GZIP Compressed Web Requests in WP7

by Morten 29. May 2011 02:12

Before you read on, you might want to read the “Take 2” blogpost instead: http://www.sharpgis.net/post/2011/08/28/GZIP-Compressed-Web-Requests-in-WP7-Take-2.aspx

If you use the WebClient in Silverlight, the browser handles the web request for you, and if the browser supports compressed content (which all of them does), it will take full advantage of that, and you never have to worry about it. However on Windows Phone 7, there is no browser, and the Silverlight API itself handles the web request. However, this client does NOT support compressed content. The result of that is often a much larger response, which in turn means an app that loads data from the web updates much slower, and for those who pay per Mb downloaded, also a big increase in dataplan costs. Data like JSON and XML can sometimes compress as much as 10x, so there’s quite a benefit to compress data responses.

Unfortunately you can’t choose to request compressed content through the header and handle the uncompressing yourself, because the required header (Content-Encoding=gzip,deflate) is a restricted header. This is probably a carry-over from Browser-Silverlight (since there the browser handles this), and for whatever reason this restriction wasn’t removed (this is also the case with the Mango beta release). Not supporting gzip and/or deflate in web requests really seems like a (huge) oversight in Windows Phone. If you agree, please vote for this feature here.

So what to do? Well luckily Mango adds support for Sockets which is basically the core component driving the WebClient. So I ventured into creating my own WebClient subclass, and building custom HttpWebRequest/HttpWebResponse handlers that uses a Socket to request data in gzip format.

You can download the compiled library as well as source code below. It works exactly like WebClient (in fact it’s a subclass of WebClient). However, note that the “OpenWrite” is currently not supported (DownloadString, OpenRead and UploadString are all OK to use).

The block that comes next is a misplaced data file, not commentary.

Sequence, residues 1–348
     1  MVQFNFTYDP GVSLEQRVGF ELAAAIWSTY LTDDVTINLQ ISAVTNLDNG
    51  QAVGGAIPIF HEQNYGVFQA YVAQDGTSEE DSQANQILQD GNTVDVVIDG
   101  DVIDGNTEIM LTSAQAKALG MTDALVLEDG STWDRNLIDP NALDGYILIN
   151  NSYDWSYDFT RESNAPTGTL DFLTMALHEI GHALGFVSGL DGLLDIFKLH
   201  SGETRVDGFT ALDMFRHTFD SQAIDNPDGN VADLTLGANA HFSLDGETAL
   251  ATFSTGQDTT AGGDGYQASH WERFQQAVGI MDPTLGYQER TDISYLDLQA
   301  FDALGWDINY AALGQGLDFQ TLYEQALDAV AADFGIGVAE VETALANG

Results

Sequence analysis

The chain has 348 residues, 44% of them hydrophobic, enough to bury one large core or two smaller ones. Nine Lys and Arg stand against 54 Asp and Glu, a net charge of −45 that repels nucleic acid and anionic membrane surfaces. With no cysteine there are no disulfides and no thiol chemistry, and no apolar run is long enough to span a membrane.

1:  WebClient c = new SharpGIS.GZipWebClient();
   2:  c.OpenReadCompleted += new OpenReadCompletedEventHandler(c_OpenReadCompleted);
   3:  c.OpenReadAsync(new Uri("http://www.google.com"), "TESTSTATE");
   5:  ...
   7:  private void c_OpenReadCompleted(object sender, OpenReadCompletedEventArgs e)
   8:  {
   9:      StreamReader reader = new StreamReader(e.Result);
  10:      string result = reader.ReadToEnd();
  11:  }

Note: The library requires SharpZipLib (included in binary).


Windows Phone

Comments (2) -

diligentpig People's Republic of China
5/29/2011 3:48:54 AM #

I just thinking whether it is possible to enable this compress feature in FeatureService request in ArcGIS API for Windows Phone? I thought we as api(Esri' api) consumer possibly does not have the ability to add this feature in our app because of we can't change the WebRequest's behavior in TaskBase class , right?
Looking forward to the next release of our Mapping API to enable this. ThanksSmile

diligentpig People's Republic of China
5/29/2011 4:42:26 AM #

Just one more question. As I understand, the Accept-Encoding parameter in Http request header means client could process compressed response from server, so server could return content compressed to client, which is indicated by Content-Encoding parameter in Http response header. This is just one-way compressing from server to client.
Is there any possibilities to enable compressing request content, which is sending from client to server? If so, how does server understand these compressed request body? As far as I can imagine, if I use ArcGIS FeatureService's SaveEdits() method to upload my editing results to server, specially a lot of features (geometry and attributes) to save, it could be a waste of bandwith if the request content didn't get compressed.
Or we could expect that our Mapping API could do this compressing job for us at both uploading and downloading ways?

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Morten Nielsen

Silverlight MVP

Morten Nielsen
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